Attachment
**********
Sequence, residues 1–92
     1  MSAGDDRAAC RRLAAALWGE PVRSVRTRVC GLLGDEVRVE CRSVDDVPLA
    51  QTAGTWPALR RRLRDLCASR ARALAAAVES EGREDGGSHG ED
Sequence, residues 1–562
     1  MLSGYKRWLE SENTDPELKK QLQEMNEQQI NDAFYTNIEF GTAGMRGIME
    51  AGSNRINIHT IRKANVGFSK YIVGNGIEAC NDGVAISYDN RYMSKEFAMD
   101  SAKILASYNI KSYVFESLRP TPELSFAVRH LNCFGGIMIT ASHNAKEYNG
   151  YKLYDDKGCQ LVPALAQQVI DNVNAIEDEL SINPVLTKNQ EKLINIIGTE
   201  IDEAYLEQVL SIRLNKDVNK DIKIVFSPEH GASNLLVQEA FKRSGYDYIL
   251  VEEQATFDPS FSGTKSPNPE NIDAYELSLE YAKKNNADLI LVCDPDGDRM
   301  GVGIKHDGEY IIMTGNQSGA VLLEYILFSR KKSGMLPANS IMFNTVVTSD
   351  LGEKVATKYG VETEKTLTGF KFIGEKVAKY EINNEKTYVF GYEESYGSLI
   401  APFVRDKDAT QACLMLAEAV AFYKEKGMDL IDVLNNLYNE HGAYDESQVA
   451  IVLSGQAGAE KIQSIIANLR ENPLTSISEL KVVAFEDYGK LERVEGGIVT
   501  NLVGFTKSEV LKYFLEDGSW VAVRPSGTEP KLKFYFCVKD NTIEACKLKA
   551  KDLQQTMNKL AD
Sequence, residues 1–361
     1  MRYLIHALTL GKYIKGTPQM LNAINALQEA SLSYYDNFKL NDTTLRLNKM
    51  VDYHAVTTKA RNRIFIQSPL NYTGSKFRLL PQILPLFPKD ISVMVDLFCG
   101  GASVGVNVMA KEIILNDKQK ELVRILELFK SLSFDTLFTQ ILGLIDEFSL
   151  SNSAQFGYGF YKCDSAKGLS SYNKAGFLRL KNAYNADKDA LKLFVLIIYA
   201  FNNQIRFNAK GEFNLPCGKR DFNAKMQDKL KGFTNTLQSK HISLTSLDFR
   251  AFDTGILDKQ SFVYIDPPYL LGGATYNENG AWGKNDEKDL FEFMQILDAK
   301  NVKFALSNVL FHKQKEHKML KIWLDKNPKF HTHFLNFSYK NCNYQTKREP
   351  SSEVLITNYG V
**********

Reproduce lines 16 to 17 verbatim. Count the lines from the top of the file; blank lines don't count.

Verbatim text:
   551  KDLQQTMNKL AD
Sequence, residues 1–361